Tropical cryptography, by Dima Grigoriev and Vladimir Shpilrain
We employ tropical algebras as platforms for several cryptographic
schemes that would be vulnerable to linear algebra attacks were they
based on ``usual\" algebras as platforms.
Efficiently Outsourcing Multiparty Computation under Multiple Keys, by Andreas Peter and Erik Tews and Stefan Katzenbeisser
Secure Multiparty Computation (SMC) enables a set of users to evaluate certain functionalities on their respective inputs while keeping these inputs encrypted throughout the computation. In many scenarios, however, outsourcing these computations to an untrusted server is desirable, so that the server can perform the computation on behalf of the users. Unfortunately, existing solutions are either inefficient, rely heavily on user interaction, or require the inputs to be encrypted under the same key - drawbacks making the employment in practice very limited.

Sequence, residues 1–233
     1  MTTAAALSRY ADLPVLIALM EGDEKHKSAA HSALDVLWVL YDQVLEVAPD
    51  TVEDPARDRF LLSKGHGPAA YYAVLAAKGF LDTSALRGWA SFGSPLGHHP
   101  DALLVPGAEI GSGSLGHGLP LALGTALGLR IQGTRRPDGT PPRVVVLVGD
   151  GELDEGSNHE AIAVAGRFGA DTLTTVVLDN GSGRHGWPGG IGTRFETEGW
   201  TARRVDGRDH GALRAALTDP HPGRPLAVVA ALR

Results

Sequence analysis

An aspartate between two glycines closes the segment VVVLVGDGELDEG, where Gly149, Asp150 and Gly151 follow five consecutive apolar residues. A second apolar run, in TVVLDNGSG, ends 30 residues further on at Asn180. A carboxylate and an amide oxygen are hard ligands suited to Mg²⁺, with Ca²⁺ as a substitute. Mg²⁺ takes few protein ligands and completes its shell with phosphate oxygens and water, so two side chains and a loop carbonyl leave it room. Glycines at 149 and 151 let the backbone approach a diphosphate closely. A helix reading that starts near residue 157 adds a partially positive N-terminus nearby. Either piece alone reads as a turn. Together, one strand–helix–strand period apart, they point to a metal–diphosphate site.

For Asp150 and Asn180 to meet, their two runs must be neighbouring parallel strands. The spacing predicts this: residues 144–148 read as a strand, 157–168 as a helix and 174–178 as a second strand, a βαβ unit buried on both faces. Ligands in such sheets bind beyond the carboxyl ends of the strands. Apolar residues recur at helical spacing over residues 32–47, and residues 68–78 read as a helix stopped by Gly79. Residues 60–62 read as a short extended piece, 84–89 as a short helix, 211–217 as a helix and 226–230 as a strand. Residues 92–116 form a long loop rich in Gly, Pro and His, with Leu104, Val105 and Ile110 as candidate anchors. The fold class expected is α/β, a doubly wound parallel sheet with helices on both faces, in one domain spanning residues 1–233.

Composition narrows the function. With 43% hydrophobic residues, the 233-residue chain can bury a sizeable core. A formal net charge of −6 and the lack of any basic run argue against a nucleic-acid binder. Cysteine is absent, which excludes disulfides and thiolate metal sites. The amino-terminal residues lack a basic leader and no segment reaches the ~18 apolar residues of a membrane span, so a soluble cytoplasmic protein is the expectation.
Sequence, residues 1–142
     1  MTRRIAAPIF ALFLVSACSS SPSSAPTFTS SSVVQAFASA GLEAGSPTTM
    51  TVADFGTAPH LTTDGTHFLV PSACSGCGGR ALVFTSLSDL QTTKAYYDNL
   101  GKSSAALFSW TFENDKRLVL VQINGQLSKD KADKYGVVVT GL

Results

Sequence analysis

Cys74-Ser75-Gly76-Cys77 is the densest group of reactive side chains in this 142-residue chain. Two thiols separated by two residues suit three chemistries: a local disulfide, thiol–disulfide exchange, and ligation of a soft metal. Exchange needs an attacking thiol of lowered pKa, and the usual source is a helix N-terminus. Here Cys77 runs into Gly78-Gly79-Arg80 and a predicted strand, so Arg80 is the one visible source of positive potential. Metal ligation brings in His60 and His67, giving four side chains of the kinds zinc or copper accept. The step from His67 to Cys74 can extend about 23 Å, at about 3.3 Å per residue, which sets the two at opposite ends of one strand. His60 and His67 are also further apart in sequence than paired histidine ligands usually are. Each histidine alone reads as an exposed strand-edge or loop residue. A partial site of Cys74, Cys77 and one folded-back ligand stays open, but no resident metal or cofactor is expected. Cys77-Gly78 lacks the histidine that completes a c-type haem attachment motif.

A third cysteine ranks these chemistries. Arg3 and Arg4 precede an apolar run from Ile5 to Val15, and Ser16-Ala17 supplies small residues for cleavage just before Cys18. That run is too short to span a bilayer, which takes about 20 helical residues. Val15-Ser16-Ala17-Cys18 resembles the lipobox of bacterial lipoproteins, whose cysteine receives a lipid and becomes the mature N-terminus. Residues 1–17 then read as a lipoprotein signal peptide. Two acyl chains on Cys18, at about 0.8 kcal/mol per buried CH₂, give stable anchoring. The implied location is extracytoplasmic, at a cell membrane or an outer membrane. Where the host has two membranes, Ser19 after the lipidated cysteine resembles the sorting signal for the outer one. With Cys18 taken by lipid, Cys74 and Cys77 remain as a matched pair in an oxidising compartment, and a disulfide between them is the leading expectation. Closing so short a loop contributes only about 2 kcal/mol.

We propose the first general-purpose construction that avoids all these drawbacks: it is efficient, it requires no user interaction whatsoever (except for data up- and download), and it allows evaluating any dynamically chosen function on inputs encrypted under different independent public keys. Our solution assumes the existence of two non-colluding but untrusted servers that jointly perform the computation by means of a cryptographic protocol. This protocol is provably secure in the semi-honest model. We demonstrate the applicability of our result in two real-world scenarios from different domains: Privacy-Preserving Face Recognition and Private Smart Metering. Finally, we give a performance analysis of our general-purpose construction to highlight its practicability.
Making NTRUEncrypt and NTRUSign as Secure as Standard Worst-Case Problems over Ideal Lattices, by Damien Stehlé and Ron Steinfeld